1. The debate on weather Brazilians can legally carry weapons is again all alive In 2005, more than 63% of the Brazilians voted against a law which would prohibit weapons to be sold and carried.
    I would have voted for the law (to abolish free carriage of weapons) in 2005. Today, I would vote against it. There is a rational for allowing people to carry guns, that is registered guns. Almost all murders and kidnappings in Brazil are done by illegal guns.  Actually, in the Southern Brazilian states, where there is the highest number of legal guns per citizens, only 59% of all murders were caused by firearms in contrast to 70% in the Northeast where there is the lowest number of legal firearms per citizen.

    Just look at South African Farmitracker to understand why you would want to carry a gun nin South Africa.
    attacks on white south africans

    The core discussion should not be focused on posession of guns, rather the sales and traficing of illegal weapons.
    Yesterday the South African National Conventional Arms Control Committee (NCACC) announced that South Africa sold R 70 million of arms to Libya in 2010.  The South African government approved in 2010 the sale of a whopping R 35 billion of military hardware to 78 of the world's most repressive regimes; exports included: Algeria (R 158,3 million), Azerbaijan (R 119,1 million), Burundi (R 119,1 million), Equatorial Guinea (R 5,8 million), Pakistan (R 34,6 million), China (R60,5 million) and Saudi Arabia (R 68,2 million).The production capacity of South Africa in the illegal arms dealing within Africa is just absolutely mindblowing. The map below says it all: why don't the US and Europe stop all export of weapons and ask other countries to do the same? A worldwide ruling that handguns and rifles cannot be exported by any country. Each state can produce their weapons themselves.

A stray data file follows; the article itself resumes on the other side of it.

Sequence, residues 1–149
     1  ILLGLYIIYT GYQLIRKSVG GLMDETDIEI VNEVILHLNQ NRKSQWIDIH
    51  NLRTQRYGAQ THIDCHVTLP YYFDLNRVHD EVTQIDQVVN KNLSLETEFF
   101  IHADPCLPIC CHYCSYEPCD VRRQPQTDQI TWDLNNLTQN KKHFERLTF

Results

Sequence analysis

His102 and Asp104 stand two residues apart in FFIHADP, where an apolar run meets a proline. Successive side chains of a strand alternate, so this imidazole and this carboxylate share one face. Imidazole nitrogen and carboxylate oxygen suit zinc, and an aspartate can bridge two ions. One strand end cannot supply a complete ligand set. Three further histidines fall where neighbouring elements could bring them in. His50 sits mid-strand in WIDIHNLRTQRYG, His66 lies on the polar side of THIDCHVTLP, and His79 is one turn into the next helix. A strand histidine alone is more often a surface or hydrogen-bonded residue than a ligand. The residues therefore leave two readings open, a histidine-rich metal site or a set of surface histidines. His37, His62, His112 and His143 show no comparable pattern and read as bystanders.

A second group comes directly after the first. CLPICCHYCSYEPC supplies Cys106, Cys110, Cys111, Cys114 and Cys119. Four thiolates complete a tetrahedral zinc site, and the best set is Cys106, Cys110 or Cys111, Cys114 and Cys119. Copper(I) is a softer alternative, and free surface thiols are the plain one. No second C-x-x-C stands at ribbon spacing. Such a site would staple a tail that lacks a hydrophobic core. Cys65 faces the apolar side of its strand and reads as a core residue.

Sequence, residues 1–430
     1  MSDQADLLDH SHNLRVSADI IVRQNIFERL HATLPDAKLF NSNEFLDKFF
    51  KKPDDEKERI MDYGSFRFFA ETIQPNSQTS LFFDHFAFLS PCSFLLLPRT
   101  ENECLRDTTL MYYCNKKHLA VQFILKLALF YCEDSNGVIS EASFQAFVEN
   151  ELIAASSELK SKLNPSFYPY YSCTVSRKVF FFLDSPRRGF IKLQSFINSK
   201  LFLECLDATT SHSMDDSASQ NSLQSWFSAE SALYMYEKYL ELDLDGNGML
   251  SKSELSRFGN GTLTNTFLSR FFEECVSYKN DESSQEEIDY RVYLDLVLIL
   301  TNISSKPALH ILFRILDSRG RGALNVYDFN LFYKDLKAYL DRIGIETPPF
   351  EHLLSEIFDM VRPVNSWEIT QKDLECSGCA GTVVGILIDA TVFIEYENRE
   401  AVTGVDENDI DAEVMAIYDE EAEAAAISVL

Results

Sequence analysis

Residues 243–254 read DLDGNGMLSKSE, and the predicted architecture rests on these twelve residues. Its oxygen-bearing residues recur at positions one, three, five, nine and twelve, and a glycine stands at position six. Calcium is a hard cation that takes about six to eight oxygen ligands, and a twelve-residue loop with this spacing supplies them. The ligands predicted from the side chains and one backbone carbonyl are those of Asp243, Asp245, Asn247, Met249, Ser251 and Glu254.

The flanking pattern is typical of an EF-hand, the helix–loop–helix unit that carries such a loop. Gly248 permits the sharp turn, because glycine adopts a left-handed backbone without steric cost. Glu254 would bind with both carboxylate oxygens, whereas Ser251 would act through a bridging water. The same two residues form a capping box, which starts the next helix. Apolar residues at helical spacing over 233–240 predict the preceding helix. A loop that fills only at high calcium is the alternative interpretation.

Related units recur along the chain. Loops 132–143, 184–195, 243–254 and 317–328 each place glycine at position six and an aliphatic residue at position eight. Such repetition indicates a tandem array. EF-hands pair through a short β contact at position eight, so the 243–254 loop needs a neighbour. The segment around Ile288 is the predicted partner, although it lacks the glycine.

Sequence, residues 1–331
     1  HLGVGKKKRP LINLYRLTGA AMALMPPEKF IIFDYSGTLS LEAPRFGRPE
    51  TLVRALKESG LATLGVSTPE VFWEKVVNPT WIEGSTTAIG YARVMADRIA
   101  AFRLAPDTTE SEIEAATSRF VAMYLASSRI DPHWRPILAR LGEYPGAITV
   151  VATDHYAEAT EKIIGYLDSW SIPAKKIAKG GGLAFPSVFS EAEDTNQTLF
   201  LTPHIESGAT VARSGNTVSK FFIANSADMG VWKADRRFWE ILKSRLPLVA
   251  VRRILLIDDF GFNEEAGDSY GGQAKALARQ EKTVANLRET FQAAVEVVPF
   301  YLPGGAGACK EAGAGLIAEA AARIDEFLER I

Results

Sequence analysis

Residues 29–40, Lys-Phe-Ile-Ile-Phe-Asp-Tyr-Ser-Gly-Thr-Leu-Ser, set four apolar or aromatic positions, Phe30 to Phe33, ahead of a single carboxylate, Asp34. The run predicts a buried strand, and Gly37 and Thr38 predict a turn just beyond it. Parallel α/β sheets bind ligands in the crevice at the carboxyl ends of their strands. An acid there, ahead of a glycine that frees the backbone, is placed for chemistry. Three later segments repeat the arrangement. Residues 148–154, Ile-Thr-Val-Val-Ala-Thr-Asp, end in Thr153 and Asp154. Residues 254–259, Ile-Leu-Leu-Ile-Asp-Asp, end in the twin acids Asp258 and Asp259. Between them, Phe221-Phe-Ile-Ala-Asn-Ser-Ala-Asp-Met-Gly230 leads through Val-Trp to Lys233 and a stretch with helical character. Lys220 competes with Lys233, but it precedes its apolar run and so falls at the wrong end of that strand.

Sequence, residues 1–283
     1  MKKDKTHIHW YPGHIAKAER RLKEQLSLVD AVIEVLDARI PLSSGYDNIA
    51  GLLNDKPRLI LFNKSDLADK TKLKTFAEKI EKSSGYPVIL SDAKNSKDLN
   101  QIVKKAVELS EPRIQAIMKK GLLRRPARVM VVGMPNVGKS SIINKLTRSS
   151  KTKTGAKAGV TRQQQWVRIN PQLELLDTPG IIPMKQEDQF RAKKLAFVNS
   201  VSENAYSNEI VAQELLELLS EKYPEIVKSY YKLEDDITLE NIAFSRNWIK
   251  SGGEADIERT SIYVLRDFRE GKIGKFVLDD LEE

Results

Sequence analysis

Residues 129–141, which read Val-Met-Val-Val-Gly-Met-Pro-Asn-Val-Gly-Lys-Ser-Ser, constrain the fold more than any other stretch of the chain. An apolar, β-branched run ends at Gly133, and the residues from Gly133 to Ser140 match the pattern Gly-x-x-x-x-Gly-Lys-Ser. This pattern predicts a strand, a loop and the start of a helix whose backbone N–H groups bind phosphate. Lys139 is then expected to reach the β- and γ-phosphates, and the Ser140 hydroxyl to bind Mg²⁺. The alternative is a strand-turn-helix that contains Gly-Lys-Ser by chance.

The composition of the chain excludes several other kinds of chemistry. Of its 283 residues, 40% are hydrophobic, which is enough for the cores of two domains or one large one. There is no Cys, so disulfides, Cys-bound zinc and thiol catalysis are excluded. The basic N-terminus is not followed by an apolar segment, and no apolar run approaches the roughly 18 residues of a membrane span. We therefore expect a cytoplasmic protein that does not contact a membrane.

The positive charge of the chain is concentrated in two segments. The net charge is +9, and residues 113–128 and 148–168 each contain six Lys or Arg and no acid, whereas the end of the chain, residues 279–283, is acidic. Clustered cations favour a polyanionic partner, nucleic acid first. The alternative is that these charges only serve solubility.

weapons









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  2. The term BRICwas invented by Jim O'Neill of Goldman Sachs in 2003 to identify countries with the fastest growing economies with a bulging middle class and promising internal markets that were likely to overtake the G7 (the US, United Kingdom, France, Italy, Canada, Germany and Japan) as the biggest economies by 2040.
    It's important to remember the the term (it was merely a name) was invented to identify the countries which would lead the ranks of biggest economies by 2040. Since then some variations have surged: BRICK (K for South Korea), BRIMC (M for Mexico), BRICA (Arab countries: Saudi Arabia, Kuwait, Bahrain, Oman, United Arab Emirates) and BRICET (including Eastern Europe and Turkey).